My own pastor, back when I was transitioning out of dispensationalism, made the point (that he continues to make from time to time) that it is the unworthy manner, not the unworthy person, that is in view in 1 Cor. 11.
I'm in full agreement with that exegesis, and found it very freeing. And pastorally useful; I challenged one of those under my care to NOT refrain from communion just because she felt herself unworthy, and she has since resumed taking the elements.
Further, I would argue (and perhaps you will argue) that Paul is using doubly-loaded language when he speaks of "those who do not discern the body of the Lord" -- the phrase 'body of the Lord' referring BOTH to the communion element AND to the church: that there must be a unity of intent in our partaking, so that taking of the one must be in harmony with participating in the other.
Good so far?
Here's why I make the proposal as is.
(1) Regardless of what Paul *did* mean by 'examining' in 11.28, partakers of communion need to be able to do that at some level. It is a legitimate function of the elders to ensure that that happens. Yet, it is also appropriate that we gauge the examination to the mental abilities of the partaker. The proposal tries to address both concerns.
(2)My own opinion about the outworking of 11.28, following the above exegesis, is that the examination needs to be both at the level of legitimately recognizing the grace of Christ offered in the communion (recognizing the 'body of the Lord' offered in the communion bread through the H.S.) AND ALSO at the level of legitimately recognizing the unity of the church.
But let's say I'm wrong. Say that only the first is in view in 11.28, or only the second, or something entirely different.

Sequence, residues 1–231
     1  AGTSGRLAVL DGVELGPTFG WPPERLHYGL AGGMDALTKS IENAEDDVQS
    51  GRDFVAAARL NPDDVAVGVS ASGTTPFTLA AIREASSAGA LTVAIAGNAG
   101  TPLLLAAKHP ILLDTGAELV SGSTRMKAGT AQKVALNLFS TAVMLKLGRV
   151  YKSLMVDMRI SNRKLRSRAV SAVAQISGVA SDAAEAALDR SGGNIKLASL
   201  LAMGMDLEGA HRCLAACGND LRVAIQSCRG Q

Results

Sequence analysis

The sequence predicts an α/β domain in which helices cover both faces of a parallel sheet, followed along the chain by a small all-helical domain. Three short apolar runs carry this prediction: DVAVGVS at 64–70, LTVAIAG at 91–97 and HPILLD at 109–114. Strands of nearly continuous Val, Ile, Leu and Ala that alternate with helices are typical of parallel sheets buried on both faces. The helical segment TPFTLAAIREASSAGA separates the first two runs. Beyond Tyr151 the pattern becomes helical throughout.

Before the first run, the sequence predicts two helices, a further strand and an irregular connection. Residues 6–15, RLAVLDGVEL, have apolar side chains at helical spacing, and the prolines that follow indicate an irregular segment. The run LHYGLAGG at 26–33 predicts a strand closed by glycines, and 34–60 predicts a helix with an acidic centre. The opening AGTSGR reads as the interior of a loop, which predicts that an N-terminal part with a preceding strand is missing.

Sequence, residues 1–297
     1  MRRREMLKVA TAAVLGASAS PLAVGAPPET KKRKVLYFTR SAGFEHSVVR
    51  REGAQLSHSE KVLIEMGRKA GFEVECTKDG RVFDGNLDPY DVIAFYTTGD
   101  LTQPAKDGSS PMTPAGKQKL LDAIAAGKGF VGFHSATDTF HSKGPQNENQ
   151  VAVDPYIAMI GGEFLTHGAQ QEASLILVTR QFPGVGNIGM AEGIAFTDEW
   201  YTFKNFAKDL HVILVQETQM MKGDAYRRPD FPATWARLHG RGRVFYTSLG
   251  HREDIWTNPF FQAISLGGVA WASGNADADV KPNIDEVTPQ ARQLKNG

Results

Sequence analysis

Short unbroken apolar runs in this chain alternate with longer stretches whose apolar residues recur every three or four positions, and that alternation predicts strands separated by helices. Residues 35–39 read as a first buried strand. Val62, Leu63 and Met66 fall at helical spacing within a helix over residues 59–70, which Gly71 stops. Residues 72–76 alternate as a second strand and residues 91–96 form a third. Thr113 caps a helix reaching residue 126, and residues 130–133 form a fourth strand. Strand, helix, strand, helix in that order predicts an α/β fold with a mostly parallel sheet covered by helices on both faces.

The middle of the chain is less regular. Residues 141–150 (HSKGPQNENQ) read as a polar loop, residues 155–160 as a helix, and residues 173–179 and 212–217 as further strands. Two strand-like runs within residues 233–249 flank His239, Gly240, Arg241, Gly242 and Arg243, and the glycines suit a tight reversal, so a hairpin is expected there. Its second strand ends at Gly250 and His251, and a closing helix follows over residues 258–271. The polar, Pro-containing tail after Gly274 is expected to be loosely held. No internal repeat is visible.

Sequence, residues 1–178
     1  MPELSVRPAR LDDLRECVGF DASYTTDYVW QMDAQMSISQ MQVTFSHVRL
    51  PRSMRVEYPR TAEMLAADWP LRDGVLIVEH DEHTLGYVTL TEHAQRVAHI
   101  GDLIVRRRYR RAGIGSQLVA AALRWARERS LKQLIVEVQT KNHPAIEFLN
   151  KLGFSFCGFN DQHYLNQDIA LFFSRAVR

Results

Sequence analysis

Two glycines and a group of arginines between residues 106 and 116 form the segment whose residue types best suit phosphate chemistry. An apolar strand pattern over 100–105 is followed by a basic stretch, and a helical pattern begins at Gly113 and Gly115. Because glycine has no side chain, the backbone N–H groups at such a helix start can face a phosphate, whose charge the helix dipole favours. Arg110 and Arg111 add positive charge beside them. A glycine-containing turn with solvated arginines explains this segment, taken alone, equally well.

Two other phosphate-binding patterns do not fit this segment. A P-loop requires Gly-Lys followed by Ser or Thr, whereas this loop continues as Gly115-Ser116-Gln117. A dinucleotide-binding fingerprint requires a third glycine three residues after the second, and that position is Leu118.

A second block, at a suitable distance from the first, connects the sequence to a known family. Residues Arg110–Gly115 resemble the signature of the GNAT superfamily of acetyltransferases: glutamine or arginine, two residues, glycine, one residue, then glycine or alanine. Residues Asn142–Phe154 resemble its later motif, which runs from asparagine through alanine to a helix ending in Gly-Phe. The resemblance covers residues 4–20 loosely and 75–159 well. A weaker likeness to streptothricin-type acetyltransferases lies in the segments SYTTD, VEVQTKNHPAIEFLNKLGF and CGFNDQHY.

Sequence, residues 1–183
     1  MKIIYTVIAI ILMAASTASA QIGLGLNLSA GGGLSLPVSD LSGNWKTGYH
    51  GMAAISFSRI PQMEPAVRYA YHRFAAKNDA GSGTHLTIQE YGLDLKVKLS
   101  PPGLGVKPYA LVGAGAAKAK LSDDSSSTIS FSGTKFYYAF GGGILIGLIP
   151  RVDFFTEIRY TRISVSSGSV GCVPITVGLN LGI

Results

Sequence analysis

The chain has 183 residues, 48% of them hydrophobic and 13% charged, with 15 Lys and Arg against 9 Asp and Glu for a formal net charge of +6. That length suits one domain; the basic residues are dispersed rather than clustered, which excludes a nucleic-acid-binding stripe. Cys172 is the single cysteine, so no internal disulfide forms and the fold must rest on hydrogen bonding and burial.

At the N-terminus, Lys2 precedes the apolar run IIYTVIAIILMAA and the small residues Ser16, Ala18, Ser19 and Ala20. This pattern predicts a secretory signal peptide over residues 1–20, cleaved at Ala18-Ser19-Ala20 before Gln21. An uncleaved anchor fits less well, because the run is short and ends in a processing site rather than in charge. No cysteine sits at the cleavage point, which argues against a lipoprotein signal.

Regardless, we still need a church polity that does not depend on an idiosyncratic understanding of that passage. Because in the end, if we *all* have to overturn our understandings of 1 Cor 11 just to get to the "right" practice of communion, we'll never do it. It's just too hard to go to 10,000 TEs (or how many ever are in the PCA) and tell them, "You've all been reading this wrong."
If on the other hand we can leave some room for exegetical disagreement about the details of 1 Cor 11.28, yet agree on a practice that allows believing children to do what they would be able to do in a Baptist church (for crying out loud!) -- namely, take communion after having publicly expressed their faith -- then we've accomplished something.
I think it is helpful to distinguish regeneration of the soul (which is immediate, and although may occur during the adminstration of the means of grace, is not achieved by or through them), and our conscious reception of the gospel, living in its power and assurance (which is always in connection with preaching and the sacraments). A power of God must be exerted beyond, and along with, the means. The means of grace always give forgiveness and assurance to those who use them in faith, but they do not regenerate without an additional, immediate act of God. Jesus said, "The wind [or Spirit] blows where it wishes" (John 3:8). It is only for our seeking that, as you say, "the Holy Spirit graciously binds himself to the external means of grace."
A spirituality separated from God's appointed means certainly needs correction. But to rightly assert the immediate work of the Spirit is not Gnosticism, nor does it foster opposition to "liturgy."